Over the years, we have developed work styles and adopted habits that are detrimental to our physical, mental and emotional health. This has impacted our engagement and our performance in negative ways and has stood in the way of the most effective ways to increase both of those in the workplace, says Leigh Stringer, a workplace design specialist, writer and researcher as well as author of "The Healthy Workplace."
"It's not that we're bad people, or that we aren't working hard. The problem is that what our minds and bodies need at a basic level is in conflict with our work style. We are so focused on work, on getting things done, that we've changed the way we eat, move and sleep in a way that is actually counter-productive," Stringer says.
To achieve a healthier workplace, Stringer offers examples of 10 bad habits you need to address immediately and how you can start to break those habits.
1. Sitting down to work
You've read the news and have heard that sitting for long periods of time is bad for your health. Extended sitting can cause, among other things, deep vein thrombosis and poor cardiac and metabolic health. The issue isn't that we sit, the issue is that many of us sit and work without standing or walking for many hours at a time, without getting up to move around, Stringer says. Of course, at the other extreme, walking at a treadmill desk for eight hours a day is not the answer either (at least for most of us), she says.
Instead, stand up every 30 minutes and walk around every hour and a half, even if it's just for a few minutes, she advises. If you can request a standing desk, try it out. If you can't, at least try and find surfaces around your workplace that are bar-height where you can stand and work for a few minutes each day. You also can take phone calls, watch presentations, read or perform other activities while standing up, or even walking if it makes sense for the task at hand.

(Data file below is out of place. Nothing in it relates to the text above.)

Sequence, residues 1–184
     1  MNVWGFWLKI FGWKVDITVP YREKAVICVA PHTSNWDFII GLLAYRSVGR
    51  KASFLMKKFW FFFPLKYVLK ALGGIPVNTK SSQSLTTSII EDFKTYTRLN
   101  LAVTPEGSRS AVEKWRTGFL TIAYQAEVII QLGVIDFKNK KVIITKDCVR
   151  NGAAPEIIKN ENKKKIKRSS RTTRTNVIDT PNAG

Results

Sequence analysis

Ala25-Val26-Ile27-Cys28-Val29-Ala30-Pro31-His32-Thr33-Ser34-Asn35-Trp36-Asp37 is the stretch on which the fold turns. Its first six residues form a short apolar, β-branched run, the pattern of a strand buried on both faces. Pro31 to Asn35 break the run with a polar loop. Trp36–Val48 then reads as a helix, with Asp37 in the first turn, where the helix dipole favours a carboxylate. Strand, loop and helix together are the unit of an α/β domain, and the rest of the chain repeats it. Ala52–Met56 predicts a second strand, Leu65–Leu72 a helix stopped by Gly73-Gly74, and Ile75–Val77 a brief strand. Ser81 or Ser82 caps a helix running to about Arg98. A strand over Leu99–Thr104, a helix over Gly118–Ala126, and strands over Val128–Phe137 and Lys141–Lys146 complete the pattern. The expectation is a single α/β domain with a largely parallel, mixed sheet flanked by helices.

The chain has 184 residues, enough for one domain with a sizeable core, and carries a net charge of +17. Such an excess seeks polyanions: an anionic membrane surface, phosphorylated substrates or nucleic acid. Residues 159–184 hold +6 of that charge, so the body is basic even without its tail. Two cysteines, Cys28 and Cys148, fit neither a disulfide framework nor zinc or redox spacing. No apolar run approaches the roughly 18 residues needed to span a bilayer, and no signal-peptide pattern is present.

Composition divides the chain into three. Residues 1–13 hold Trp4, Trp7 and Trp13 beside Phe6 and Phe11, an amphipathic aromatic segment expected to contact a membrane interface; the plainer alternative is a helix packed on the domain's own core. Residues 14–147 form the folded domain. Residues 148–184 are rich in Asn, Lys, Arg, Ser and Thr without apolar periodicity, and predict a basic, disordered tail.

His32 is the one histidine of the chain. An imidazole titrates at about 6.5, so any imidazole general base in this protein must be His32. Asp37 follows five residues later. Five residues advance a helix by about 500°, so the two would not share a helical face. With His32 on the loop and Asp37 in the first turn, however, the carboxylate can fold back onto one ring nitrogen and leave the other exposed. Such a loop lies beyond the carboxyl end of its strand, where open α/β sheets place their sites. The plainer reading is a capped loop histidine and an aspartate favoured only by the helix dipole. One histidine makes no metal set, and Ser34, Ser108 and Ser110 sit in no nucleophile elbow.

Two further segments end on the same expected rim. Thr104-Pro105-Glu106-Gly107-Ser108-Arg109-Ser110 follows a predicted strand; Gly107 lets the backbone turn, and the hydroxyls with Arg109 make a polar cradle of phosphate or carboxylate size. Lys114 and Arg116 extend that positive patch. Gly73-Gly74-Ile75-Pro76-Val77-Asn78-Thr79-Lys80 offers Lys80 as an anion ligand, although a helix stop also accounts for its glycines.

2. Using the elevator to exclusion
Elevators in modern buildings are typically placed front and center, which is great for "universal design" and accessibility for people with different physical abilities. However, if you do not need the elevator, you are missing an opportunity to make a healthier choice.
Instead, take the stairs and use prompts and cues to encourage stair use across your office, Stringer says. You can paint the stairwell a lighter color so that it appears brighter and less foreboding. Add artwork to give the stairwell a personal touch and add visual interest. Pipe in pleasant music; some buildings are actually taking music out of elevators and putting them in the stairs to make the stair experience more desirable. Finally, if your local building code will allow, install a magnetic 'hold open' gadget on the stairwell door which will release in case of a fire. Psychologically, having a staircase that is more open feels safer, which increases use.
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